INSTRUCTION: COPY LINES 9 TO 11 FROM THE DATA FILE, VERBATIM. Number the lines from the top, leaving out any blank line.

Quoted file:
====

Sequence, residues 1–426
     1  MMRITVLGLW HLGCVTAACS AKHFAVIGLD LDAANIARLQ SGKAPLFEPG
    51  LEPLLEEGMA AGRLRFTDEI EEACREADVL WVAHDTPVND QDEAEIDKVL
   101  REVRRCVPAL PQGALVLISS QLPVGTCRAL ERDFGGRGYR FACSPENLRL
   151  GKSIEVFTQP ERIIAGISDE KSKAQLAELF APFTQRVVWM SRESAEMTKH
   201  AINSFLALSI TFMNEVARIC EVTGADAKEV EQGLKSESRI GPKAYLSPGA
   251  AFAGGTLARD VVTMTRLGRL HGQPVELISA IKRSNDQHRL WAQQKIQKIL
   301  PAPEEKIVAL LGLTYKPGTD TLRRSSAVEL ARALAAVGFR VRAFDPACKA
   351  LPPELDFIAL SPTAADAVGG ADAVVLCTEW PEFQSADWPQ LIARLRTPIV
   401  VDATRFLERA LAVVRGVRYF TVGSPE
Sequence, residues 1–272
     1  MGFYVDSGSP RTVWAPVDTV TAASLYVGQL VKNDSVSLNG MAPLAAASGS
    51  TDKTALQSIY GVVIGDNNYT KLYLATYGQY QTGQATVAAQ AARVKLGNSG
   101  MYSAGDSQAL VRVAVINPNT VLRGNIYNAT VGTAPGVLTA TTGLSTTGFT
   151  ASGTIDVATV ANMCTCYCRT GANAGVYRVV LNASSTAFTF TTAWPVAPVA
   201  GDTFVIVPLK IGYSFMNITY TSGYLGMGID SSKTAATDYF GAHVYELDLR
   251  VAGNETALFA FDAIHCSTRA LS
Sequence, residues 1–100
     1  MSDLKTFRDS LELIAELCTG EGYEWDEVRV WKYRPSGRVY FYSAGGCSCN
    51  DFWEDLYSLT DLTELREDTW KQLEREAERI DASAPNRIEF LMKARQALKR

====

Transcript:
   351  LPPELDFIAL SPTAADAVGG ADAVVLCTEW PEFQSADWPQ LIARLRTPIV
   401  VDATRFLERA LAVVRGVRYF TVGSPE
Sequence, residues 1–272